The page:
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post #9 of 11 Old 06-26-2013, 12:36 AM Thread Starter
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Originally Posted by Tom Schmitz View Post
If the engine is laboring to turn over, the battery is bad.

If it is not laboring but won't fire (and it ran fine before) and you think it is flooded, you can help that along by holding the throttle wide open while trying to start it. That will hold the butterfly open and allow more air in, which often does the trick on a flooded engine. It's a constant velocity carb, so it won't behave like a standard carb, but it will help.

If the bike hadn't been run much before you got it it could have had some crud that got loose and is blocking a circuit in the carb. Best fix for that is to break it down and soak it in carb cleaner or PineSol and reassemble, but SeaFoam may do the trick if you can get it running well enough to ride it for a few hours.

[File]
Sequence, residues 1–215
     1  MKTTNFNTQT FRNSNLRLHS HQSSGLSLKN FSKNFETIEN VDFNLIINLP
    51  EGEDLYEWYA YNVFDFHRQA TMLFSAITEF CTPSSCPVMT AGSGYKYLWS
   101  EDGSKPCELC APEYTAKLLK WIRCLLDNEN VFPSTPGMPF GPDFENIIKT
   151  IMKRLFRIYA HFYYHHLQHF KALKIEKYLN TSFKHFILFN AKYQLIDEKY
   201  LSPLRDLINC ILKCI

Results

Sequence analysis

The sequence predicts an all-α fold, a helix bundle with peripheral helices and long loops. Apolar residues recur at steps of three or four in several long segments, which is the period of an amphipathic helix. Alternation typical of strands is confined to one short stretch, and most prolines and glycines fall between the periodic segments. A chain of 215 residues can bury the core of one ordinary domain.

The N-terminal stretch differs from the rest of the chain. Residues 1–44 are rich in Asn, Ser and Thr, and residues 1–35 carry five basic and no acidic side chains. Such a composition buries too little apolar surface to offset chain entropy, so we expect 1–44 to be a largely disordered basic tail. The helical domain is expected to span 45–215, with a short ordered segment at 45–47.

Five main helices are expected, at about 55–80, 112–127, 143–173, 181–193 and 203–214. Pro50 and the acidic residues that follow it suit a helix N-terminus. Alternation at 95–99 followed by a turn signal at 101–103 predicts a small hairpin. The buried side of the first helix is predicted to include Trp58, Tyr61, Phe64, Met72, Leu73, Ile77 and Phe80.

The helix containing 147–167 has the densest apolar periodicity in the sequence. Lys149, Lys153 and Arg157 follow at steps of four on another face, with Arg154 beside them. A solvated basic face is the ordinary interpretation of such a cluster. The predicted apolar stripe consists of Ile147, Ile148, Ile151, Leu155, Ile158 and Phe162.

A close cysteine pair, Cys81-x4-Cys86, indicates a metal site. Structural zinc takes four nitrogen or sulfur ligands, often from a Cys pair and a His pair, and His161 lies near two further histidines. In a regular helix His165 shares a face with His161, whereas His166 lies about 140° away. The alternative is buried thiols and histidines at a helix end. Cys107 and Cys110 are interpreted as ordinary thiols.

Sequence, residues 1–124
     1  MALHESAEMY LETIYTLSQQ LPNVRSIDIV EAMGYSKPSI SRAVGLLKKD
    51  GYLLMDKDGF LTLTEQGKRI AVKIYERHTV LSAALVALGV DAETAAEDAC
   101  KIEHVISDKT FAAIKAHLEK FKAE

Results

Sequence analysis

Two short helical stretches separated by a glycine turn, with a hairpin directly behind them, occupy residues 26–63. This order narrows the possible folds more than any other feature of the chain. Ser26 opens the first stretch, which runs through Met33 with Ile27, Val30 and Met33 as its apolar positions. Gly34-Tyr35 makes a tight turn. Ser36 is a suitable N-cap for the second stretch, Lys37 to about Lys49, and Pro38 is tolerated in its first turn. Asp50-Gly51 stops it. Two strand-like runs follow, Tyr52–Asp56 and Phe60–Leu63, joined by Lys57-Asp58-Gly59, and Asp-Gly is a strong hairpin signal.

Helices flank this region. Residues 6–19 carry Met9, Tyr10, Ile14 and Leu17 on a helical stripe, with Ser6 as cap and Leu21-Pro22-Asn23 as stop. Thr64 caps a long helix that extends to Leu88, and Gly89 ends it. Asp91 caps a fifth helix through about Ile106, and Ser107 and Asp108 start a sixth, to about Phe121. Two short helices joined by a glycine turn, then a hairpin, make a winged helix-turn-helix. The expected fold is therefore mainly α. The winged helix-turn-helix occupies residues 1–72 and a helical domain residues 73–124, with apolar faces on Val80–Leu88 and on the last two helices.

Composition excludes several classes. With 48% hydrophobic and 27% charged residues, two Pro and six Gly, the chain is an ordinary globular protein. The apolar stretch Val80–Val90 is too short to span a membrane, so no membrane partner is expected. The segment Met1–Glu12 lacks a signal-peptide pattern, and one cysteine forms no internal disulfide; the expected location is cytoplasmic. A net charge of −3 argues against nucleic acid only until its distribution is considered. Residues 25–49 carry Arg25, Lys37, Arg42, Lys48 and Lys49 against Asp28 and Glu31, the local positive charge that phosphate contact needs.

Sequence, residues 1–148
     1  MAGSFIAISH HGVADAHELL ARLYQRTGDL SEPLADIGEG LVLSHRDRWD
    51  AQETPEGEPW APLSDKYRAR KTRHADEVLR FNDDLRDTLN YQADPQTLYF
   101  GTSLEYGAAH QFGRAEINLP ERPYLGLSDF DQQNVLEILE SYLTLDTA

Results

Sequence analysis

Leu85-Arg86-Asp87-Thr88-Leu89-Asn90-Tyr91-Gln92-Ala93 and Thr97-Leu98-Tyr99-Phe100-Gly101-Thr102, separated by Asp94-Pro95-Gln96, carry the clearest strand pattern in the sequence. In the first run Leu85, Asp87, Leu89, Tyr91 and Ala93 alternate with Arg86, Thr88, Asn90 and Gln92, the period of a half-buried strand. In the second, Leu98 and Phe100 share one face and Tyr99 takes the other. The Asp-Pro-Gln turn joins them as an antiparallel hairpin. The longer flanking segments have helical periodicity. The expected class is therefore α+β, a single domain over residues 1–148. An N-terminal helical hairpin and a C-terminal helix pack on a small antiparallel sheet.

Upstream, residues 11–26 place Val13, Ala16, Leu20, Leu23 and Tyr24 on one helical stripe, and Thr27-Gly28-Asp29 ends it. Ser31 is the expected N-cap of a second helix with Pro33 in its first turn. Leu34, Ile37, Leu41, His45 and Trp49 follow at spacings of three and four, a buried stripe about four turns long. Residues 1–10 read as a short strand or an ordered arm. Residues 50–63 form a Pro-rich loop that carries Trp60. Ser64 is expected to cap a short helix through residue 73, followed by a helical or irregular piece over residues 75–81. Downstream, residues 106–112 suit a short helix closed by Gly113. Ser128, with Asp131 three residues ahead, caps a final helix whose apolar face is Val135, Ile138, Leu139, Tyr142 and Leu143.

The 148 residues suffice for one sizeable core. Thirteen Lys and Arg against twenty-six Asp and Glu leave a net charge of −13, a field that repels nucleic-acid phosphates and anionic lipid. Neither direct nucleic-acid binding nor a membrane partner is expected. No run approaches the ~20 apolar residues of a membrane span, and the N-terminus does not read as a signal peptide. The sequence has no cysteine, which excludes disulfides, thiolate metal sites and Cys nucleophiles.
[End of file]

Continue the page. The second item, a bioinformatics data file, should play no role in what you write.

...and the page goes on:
T
How much of a pain in the butt is getting the carb off to clean on these bikes? And what is seafoam?
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post #10 of 11 Old 06-26-2013, 01:19 AM Thread Starter
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Originally Posted by grasshopper green View Post
Nah, wasn't laughing at you. We in diff parts of the country have diff wordings of the language, and was curious as to that one. I have many friends South of the border (Ohio River) and am always pleasantly surprised by many of their meanings.
I'm such a noob to bikes and mechanics in general I'm bound to make someone laugh sooner or later. If I hear any southern phrases you may like I'll be sure and pass em on